To be fair to DeepDale Camping the Yurt was spotlessly clean as were the facilities and they even asked us how we enjoyed our stay. When I mentioned that it had been much too cold and that I thought the stove was too small they mentioned that they had had a lot of trouble about that ( clearly others had complained about the cold) and that they had checked and the stove fitted the specification of the yurt. They're no doubt correct...assuming they'd included the "essential felt insulation". I mentioned too the duvet being a summer one but they just said it was brand new...they didn't say anything about the lack of extra blankets, think she was getting fed up by then, perhaps it was a rhetorical "How was your stay".
|Our Yurt....it snowed|
I did manage to practice however, once.
Sunday morning I woke up, stoked the little stove, crammed if full of wood, put my Santorini Maduka lite as close to the stove as I dared and did Primary, heavy on the Ujjayi wearing layers upon layers, stripping them off as I went through the practice and then putting them back on again one by one through finishing.
M. woke up and snapped a couple of shots, even a little pranayama video before jumping back under the summer duvet and chair throws.
|Practicing in thermals, looks like an old 70's yoga leotard|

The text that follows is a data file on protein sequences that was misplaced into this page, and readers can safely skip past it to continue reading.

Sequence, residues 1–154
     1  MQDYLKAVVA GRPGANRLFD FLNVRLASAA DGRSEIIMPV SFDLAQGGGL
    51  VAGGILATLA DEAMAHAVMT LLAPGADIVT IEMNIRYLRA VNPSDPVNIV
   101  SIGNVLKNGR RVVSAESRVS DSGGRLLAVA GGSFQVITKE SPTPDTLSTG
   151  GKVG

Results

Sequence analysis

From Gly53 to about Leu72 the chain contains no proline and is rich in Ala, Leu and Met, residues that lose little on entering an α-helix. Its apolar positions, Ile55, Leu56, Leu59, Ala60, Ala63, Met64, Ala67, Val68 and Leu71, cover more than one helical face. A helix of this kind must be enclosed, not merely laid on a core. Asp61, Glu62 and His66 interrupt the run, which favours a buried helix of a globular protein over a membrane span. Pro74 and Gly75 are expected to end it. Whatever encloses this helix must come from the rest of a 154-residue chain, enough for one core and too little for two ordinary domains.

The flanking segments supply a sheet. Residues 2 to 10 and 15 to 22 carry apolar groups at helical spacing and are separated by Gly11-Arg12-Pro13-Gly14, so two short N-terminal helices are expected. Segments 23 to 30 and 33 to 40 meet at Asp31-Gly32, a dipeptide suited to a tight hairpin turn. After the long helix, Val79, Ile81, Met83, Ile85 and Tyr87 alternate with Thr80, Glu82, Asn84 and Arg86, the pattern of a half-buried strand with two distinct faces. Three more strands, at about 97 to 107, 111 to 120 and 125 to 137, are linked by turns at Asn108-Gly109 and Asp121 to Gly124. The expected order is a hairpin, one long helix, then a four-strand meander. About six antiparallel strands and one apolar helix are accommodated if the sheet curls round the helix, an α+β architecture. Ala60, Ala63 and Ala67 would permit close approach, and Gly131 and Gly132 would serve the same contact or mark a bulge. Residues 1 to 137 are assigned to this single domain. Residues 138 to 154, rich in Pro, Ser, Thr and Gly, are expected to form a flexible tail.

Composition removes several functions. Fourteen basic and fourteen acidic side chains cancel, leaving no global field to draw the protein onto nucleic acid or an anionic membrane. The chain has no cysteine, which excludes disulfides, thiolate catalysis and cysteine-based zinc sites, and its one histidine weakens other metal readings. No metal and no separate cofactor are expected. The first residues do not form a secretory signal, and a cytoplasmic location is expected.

Practice was good, straight primary, hard and fast to keep the heat up and get a little sweat on but how do you do Garbha Pindasana in tights? What is Kino talking about, my shorts are much easier, in the Supta Kurmasana exit too.
Ashtanga is seems is back on the menu, nothing busts rajas like Primary, great for immediate post bereavement, the freezing cold and, I don't know, primary, it's home from home.
Why Primary series?
Here's something I wrote on Small Blue Pearls blog last week that sums it up nicely for me how I feel about Primary currently, seems it comes out of my head better in a comment somewhere else than when I try to encapsulate it here on my own blog
"I guess I'm spoiled practicing at home in that I can do what I want or what feels right, but I look at Primary now and I kind of see it in bold with these shadowy images behind and around it. If I focus on the shadows I see the vinyasa kramas around each posture, preparation postures, extensions, options lots of options. Focus in another way and I'm seeing breath focus options in each posture, longer slower, fuller breaths, longer stays, breath retentions and in yet another shift of focus drishti options, chakras, marma points, internal gazing, one drishti point throughout, bandhas...it's like all these ghostly images, echoes, surrounding the series, quite beautiful actually. And it's all Krishnamacharya, all ashtanga, all there at the time he was teaching Pattabhi Jois. For 2nd series I tend to practice Ramaswami's Bow followed by parts of his Meditative sequence which is pretty much the first half of standard 2nd series anyway but with a few extra prep postures.
Wish I'd read Matthew's article (Matthew Sweeney Evolution of Ashtanga) three four years ago when I was first having these questions, being slammed somewhat for it (no doubt I was clumsy in my presentation) and barely having the confidence to trust my intuition, it was nice watching/listening to some of the panel discussions I posted recently on what's REALLY important in the practice. Mostly I think it's that you just turn up everyday and practice, with honesty and commitment... and remember to breathe. Time for practice"